The continuing shortage of infant formula pulls back the curtain on how government policies have led some manufacturers to dominate the market, the harms of a slow Food and Drug Administration (FDA), and federal regulations that hamper competition.
For example, Abbott held a 40% market share before shutting down months ago after an outbreak of dangerous bacteria.
Abbott closed its Michigan plant due to the outbreak, which resulted in the deaths of two infants and the recall of most of its products.
But Abbott’s fate and the formula supply crisis are linked not only to the disease, but also to the federal government’s policy of forcing states to choose a formula supplier. And the FDA isn’t exactly proactive in allowing the free market to thrive, according to Yahoo Finance:
Since 1989, federal law has reduced competition by requiring each U.S. state to choose a single company to provide formula for low-income families under the Special Supplemental Nutrition Program for Women, Infants, and Children, known as under the name of WIC. The program provides food for about half of all infants born in the United States and today has only three market participants, Abbott, Reckitt and Nestle.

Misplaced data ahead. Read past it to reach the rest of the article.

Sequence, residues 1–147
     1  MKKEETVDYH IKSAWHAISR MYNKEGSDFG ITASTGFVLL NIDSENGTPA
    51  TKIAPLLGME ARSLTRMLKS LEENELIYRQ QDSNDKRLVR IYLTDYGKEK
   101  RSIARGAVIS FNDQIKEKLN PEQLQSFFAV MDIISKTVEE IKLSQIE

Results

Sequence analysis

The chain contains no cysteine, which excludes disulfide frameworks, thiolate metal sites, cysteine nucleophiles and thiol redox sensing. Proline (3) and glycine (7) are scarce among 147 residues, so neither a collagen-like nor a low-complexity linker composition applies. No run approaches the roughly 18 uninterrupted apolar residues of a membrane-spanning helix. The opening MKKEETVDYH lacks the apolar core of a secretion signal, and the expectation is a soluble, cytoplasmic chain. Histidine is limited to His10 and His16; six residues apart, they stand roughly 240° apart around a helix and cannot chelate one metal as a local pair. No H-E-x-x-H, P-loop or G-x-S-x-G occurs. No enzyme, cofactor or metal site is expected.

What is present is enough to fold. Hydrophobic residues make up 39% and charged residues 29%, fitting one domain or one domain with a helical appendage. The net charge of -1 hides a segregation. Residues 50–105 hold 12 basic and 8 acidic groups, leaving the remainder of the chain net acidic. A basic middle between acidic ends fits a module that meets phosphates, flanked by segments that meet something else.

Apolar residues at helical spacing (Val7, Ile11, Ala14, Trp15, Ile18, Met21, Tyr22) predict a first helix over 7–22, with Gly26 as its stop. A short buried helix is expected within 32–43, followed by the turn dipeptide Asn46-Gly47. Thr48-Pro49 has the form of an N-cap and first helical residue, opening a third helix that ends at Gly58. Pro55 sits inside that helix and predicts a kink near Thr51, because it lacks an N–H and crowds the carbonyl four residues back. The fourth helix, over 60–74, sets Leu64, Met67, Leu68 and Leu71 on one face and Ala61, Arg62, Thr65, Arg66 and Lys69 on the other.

In an interview with Yahoo Finance before Wednesday [congressional] In the hearing, Rep. Cathy McMorris Rodgers (R-WA) expressed concern about consolidation and FDA “bureaucracy” limiting new manufacturers from entering the market.
“There are companies – other manufacturers that have had to wait years to come to market because of FDA delays,” McMorris Rogers said, explaining that legislation she introduced last week would require the FDA a deadline to respond to requests from new manufacturers.
In total, a handful of manufacturers, including Abbott, control 90% of the formula supply in the United States, according to Yahoo.
Meanwhile, the Biden administration is tackling the problem by temporarily changing federal laws and import restrictions to try to get more products to consumers.
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